Talks and such
My career as a public speaker had a somewhat dubious beginning when I was chosen as "class poet" for my college graduation, a designation that, given what I produced for the occasion, might more aptly be changed to "class limericist." Fortunately, my grandmother could not quite hear what I said and was thus still proud of me.
News of that debacle must have remained within the confines of Berkshire county, for it has not prevented me from being asked to speak at events both on and off campus: honor society inductions and such like. I must confess it is great fun, though I am never entirely convinced that I have anything valuable to say. And I am a bit embarrassed to admit that I prefer to read entirely from a prepared script.
Here are a few of those presentations, just for the heck of it. There may be an instance or two of "poetic license" in some of the autobiographical details, though nothing along the lines of James Frey or JT LeRoy. Please note that each of these is a creature of its occasion, prepared to be spoken to a particular audience in a particular place and time. They have not been edited, corrected, or updated, so please be kind!
What are you doing here? With a nod to William James
Why it is important to know how to fail, with helpful hints from Bruce Springsteen
A plea against industrial education; or, why people tend not to take pictures when they are hugging the edge of a canyon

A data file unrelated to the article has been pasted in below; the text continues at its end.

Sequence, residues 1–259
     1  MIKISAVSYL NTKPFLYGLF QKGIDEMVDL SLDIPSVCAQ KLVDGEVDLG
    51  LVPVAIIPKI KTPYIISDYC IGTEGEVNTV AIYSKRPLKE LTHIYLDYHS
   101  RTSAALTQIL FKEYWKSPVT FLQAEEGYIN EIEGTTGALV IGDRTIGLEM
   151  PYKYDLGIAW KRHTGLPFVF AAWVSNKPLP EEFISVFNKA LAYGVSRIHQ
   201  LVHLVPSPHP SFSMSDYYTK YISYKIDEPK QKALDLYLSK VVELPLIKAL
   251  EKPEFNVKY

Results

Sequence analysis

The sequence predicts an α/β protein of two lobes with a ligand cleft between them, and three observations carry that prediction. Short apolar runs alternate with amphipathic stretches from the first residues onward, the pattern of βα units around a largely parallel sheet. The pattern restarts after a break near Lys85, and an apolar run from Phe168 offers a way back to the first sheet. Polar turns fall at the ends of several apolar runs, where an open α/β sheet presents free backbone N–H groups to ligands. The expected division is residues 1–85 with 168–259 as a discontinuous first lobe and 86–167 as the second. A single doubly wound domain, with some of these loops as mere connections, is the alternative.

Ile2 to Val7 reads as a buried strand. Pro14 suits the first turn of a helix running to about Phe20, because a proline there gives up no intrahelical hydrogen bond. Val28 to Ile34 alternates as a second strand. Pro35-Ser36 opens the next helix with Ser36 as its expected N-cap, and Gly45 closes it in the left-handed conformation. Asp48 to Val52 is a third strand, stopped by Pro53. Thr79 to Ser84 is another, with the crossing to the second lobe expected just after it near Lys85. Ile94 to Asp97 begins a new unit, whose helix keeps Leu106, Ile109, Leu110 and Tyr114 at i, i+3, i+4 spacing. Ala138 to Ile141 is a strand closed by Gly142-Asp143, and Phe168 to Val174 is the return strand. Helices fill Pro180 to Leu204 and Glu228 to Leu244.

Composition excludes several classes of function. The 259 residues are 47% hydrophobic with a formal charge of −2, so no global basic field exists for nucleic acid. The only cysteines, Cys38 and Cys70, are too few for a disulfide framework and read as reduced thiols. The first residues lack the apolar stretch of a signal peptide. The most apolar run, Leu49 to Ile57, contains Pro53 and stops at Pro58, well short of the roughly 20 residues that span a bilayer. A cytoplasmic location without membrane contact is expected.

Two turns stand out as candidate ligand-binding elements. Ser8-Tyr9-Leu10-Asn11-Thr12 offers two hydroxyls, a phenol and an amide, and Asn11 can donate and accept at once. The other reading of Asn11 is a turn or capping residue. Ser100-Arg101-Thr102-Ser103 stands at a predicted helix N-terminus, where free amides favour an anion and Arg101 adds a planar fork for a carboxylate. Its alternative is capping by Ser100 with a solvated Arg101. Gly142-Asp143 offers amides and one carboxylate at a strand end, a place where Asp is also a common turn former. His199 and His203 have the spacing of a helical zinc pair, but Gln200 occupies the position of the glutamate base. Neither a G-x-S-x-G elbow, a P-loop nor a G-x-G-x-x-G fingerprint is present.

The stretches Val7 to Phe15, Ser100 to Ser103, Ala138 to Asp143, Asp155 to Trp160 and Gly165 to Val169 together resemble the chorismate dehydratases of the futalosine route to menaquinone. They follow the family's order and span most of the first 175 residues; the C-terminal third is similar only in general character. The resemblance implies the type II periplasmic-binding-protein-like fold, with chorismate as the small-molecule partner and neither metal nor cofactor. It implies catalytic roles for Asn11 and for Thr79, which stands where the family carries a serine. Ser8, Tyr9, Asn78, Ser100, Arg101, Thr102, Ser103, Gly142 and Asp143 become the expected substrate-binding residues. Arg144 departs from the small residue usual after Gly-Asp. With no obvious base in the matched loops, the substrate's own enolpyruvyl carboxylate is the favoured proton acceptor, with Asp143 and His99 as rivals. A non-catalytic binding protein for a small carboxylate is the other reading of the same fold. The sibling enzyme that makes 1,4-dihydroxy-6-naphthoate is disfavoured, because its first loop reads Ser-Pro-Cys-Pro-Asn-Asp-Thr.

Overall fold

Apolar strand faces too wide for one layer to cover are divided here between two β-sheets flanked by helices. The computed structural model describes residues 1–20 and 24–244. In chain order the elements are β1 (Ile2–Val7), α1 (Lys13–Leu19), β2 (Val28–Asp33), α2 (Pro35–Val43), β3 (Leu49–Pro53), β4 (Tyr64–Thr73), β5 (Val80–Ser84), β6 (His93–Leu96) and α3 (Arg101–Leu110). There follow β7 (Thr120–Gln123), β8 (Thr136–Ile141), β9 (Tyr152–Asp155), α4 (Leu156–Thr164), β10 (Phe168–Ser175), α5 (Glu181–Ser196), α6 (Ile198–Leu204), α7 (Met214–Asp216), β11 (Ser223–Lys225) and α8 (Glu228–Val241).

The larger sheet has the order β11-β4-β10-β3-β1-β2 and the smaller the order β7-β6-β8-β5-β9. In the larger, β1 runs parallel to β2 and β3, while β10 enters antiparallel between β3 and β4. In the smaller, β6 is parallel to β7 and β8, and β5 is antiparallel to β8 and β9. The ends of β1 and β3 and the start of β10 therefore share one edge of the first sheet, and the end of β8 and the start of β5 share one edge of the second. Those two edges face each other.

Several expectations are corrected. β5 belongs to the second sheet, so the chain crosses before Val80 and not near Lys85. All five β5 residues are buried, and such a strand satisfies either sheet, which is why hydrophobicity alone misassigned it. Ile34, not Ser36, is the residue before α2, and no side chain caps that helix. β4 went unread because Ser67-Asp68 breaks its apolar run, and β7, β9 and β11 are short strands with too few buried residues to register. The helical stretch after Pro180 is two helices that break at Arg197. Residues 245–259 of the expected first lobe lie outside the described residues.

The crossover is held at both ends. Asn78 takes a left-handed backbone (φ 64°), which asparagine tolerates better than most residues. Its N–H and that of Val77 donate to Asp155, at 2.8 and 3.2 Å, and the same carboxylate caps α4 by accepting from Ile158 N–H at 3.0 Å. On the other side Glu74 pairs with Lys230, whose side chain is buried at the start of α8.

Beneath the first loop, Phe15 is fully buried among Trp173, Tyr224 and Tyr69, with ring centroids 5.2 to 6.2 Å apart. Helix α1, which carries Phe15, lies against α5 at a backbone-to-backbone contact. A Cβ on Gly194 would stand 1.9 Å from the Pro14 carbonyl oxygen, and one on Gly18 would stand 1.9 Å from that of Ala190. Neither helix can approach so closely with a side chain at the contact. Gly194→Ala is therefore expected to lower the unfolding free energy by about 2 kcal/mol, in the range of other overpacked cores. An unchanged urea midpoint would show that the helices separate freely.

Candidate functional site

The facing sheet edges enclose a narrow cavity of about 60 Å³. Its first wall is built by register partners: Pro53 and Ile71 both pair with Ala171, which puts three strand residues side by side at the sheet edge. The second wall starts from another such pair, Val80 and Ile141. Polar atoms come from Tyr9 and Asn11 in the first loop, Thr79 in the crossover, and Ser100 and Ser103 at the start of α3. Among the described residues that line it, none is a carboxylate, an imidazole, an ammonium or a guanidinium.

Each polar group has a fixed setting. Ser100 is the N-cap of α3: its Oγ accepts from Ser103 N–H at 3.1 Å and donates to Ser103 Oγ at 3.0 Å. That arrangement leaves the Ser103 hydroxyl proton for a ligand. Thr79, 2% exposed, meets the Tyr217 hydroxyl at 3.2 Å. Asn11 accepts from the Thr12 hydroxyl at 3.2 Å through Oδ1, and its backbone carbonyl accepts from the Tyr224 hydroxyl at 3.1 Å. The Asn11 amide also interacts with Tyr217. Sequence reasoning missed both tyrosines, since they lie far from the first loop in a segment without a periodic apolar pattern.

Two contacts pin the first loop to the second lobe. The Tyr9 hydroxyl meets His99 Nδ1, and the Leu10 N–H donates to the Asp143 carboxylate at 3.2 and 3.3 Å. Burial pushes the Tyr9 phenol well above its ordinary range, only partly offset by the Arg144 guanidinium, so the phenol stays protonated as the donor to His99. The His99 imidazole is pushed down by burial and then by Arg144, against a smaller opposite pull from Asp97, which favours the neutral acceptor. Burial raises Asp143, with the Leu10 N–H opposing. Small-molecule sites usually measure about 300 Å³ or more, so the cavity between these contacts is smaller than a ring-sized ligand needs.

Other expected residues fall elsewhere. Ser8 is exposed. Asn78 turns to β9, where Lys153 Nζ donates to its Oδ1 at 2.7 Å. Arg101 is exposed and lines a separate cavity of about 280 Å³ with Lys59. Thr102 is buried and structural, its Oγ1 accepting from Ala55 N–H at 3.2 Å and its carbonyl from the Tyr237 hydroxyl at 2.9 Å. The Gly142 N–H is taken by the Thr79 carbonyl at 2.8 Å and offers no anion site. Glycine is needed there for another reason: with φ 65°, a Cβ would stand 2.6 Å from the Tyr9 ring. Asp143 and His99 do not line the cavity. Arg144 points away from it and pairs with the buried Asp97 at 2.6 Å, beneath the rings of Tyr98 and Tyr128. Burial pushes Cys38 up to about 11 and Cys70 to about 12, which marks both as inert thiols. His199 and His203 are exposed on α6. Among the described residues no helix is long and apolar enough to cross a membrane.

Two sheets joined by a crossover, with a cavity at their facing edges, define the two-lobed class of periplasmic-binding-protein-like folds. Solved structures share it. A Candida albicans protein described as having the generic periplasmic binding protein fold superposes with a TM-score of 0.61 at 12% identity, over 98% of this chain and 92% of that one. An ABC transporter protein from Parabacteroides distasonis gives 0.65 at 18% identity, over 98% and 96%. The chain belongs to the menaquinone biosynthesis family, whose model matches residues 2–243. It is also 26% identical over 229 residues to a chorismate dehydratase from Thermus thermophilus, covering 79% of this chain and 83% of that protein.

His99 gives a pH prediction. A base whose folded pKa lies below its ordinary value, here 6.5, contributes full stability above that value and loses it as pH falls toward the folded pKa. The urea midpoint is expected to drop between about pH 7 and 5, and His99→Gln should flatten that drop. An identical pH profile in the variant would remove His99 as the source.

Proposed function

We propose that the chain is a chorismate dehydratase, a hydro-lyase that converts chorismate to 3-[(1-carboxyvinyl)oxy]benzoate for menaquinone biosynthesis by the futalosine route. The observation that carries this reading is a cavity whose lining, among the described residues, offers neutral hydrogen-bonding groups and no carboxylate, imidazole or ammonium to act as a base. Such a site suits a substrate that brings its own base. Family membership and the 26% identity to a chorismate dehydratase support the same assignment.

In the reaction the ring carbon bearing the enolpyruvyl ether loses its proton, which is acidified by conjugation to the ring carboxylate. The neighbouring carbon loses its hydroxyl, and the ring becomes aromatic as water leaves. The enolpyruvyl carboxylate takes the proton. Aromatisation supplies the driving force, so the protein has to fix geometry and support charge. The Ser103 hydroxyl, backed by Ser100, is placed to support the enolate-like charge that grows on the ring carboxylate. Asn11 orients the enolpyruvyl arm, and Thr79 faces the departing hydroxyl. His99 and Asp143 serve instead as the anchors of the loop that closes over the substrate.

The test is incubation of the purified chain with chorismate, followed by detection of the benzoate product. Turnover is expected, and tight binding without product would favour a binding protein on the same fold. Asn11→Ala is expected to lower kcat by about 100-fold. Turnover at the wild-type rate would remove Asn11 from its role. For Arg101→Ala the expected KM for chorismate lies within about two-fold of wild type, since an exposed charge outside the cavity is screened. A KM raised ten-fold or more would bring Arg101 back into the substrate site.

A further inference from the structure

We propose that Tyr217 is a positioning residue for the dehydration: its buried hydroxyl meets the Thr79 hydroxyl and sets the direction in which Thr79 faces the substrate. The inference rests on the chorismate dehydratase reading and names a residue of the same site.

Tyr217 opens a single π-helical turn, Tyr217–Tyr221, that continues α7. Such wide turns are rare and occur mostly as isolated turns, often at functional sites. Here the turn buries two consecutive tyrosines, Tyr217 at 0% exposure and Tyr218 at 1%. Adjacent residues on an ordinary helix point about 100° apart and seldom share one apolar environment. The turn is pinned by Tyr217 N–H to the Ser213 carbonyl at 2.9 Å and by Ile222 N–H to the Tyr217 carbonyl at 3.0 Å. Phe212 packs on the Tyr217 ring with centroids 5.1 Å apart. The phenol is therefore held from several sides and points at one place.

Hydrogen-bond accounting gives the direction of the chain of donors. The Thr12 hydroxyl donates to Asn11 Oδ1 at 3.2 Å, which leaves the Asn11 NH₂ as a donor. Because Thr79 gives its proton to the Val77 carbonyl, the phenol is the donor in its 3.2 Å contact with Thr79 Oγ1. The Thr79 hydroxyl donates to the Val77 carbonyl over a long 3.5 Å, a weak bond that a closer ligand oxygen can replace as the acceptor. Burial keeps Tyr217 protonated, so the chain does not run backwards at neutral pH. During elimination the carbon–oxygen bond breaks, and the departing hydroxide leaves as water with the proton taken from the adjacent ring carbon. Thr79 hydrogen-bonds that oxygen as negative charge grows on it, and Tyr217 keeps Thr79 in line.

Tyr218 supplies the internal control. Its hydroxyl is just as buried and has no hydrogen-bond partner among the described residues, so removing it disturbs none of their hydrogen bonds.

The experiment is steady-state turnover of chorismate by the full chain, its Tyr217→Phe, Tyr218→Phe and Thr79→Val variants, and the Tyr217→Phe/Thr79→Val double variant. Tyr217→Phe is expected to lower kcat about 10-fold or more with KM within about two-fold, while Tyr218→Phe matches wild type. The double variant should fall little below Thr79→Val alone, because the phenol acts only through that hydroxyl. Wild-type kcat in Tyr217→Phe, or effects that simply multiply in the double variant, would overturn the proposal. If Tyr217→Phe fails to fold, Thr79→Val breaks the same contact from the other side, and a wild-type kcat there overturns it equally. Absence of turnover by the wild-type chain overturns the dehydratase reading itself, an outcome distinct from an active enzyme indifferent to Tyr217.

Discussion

Why Captain Ahab is a model of how not to read, and how American Beauty might have ended differently if only . . .
How not to be a writer; and why nothing of significance happens on graduation day
A short account of my time spent exploring the ruins of the Southwest in the weeks after September 11, 2001; written for the Campus Magazine
The lessons of my college graduation, Bob Dylan, the desert, and some accounting
My first airplane flight, my first day at college, and why we should strive to be more than pond scum
Meteor showers on my 45th birthday, Bob Dylan, and why you should not trust people who insist that you "dress professionally"
The perils of the over-examined life, why I bought two wooden spatulas, and what Emerson might have said to Bartleby.
Why ignorance is better--more useful--than knowledge. Sort of. With nods to Animal House and Thoreau, and a plea not to do what I did.
Wherein Charles Baudelaire and the musical Hamilton meet by accident and maybe make some beautiful music together. Just you wait!